Thursday, January 23, 2014

MAKING YOUR MARK: The Searching Line

Lauren Tokunaga
 Last week we discussed building "Eye-Hand" coordination by means of Contour Line drawing. Last night we expanded our study to include Gesture drawing. But before that the class made a series of drawings addressing the "cross-contours" of a form. Cross-contours address the volumes on the frontal planes of an object as opposed to drawing the outside edge. In Lauren's drawing above, notice the absence of vertically located lines on the left and right sides of the gourd. The lines move across the surface horizontally. Most importantly, notice the curvature of the lines. Straight lines on a round object will flatten the volumes.
Riley Crandall
 Riley's drawing above is an example of "Scribble" Gesture. Like all line drawings, these are very personal, exhibiting one's individual signature. Notice the twisting, turning, wandering and searching nature of the line. The objective is to start in the center or core of the subject (instead of an outside edge) moving towards and searching for the outside contours. The object should appear solid with mass as well as a sense of light.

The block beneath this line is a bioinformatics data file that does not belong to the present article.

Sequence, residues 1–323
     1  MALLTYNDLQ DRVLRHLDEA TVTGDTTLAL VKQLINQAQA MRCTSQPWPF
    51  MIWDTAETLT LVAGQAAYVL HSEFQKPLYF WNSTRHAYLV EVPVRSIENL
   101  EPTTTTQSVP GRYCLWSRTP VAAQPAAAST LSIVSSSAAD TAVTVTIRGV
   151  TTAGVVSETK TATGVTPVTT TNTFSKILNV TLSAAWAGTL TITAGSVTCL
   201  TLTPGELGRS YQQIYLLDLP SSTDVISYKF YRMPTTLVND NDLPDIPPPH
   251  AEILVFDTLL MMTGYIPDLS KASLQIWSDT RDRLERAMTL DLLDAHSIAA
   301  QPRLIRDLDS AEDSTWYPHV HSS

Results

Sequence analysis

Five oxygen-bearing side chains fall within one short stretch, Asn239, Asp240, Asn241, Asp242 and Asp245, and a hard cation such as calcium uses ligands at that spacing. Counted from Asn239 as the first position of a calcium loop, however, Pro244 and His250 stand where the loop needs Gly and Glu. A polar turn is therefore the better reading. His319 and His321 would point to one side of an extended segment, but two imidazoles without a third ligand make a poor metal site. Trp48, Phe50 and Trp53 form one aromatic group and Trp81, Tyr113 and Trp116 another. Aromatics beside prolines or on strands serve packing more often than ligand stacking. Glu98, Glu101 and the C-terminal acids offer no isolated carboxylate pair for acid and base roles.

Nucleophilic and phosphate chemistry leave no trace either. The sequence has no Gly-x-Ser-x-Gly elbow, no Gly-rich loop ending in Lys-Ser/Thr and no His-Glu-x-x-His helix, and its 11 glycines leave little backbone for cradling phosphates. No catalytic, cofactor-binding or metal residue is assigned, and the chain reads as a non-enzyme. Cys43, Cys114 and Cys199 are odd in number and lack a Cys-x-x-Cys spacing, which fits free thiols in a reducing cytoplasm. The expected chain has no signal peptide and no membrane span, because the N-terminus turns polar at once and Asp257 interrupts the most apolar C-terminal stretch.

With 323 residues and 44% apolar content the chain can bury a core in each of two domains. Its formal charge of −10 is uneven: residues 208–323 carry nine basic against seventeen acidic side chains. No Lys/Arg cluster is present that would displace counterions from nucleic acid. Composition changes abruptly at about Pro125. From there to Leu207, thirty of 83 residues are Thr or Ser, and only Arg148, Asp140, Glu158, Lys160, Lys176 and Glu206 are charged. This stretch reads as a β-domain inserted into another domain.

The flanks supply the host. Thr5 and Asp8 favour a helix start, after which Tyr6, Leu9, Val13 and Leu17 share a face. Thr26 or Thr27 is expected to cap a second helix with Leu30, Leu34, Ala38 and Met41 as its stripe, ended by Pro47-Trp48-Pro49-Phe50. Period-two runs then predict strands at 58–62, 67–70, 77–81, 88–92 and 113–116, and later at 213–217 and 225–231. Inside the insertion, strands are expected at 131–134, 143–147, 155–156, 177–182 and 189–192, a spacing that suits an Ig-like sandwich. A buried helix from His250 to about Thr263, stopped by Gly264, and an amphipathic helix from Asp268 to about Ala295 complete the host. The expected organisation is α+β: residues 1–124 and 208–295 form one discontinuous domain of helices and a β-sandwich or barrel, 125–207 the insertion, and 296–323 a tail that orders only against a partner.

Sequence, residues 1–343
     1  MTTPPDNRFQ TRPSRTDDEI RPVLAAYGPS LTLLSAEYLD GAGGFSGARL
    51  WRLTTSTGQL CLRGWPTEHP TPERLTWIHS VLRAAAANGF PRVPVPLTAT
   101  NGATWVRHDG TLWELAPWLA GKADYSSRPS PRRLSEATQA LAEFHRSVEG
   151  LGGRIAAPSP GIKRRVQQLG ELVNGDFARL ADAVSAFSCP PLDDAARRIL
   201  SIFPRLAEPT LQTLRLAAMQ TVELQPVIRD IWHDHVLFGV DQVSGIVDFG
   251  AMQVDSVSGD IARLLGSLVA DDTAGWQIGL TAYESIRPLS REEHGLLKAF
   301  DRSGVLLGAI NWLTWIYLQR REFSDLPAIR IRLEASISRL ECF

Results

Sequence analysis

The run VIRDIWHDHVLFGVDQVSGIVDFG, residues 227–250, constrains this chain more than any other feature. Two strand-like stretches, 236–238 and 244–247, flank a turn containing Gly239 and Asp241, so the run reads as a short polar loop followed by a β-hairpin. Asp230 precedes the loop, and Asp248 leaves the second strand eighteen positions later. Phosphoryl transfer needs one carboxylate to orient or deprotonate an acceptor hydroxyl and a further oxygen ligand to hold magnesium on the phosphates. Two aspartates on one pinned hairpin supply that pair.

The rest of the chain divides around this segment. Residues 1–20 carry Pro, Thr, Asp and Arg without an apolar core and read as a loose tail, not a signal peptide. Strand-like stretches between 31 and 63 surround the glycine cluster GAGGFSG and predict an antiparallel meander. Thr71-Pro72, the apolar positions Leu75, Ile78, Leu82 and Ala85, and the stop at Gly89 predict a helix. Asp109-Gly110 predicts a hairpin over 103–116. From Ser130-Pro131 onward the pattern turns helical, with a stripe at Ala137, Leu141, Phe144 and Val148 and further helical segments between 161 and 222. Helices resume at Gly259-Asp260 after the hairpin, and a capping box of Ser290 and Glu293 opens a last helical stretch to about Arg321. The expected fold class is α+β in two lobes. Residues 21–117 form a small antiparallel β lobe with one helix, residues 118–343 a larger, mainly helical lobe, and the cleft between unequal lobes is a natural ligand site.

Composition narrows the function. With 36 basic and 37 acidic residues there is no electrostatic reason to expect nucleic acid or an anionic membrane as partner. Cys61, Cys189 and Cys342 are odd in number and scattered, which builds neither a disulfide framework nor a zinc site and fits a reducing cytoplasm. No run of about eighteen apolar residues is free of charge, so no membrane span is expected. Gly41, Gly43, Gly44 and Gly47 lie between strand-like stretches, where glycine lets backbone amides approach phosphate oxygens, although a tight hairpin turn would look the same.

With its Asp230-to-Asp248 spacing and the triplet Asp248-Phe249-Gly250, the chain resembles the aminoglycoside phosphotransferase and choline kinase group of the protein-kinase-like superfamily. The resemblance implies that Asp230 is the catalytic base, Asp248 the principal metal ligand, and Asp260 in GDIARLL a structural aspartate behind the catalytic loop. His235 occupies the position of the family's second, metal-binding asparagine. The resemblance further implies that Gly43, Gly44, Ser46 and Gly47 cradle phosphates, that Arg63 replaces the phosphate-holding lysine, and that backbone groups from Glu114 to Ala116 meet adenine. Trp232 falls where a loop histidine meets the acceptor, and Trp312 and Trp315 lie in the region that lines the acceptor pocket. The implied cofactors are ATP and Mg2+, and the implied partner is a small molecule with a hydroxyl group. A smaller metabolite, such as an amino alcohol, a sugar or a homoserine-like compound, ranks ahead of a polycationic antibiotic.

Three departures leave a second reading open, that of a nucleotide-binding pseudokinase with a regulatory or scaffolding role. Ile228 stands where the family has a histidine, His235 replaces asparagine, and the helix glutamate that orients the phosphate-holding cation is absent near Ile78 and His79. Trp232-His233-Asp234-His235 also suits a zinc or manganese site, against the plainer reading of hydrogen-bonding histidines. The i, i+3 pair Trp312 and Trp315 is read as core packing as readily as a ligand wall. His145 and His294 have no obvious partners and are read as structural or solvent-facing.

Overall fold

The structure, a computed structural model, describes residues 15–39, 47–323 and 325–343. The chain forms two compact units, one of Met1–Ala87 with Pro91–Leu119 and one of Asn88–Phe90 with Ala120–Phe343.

Leah Lehr
And just for fun, we ended the night with portraits employing the "Mass" Gesture technique. The Mass technique is similar to the Scribble yet it is tonal rather than linear. The artist draws with the side of the charcoal, making broad, sweeping strokes, instead of the tip which would make lines. Although Leah's drawing is more advanced addressing the identity of the model, the objective was really to capture the transitions between light and dark areas. For instance, the receding values in the eye sockets, the shadow under the nose and chin and a softening of the volumes around the forehead and cheeks. Remember dark values recede, whereas light values advance (look at the nose and the cheeks).

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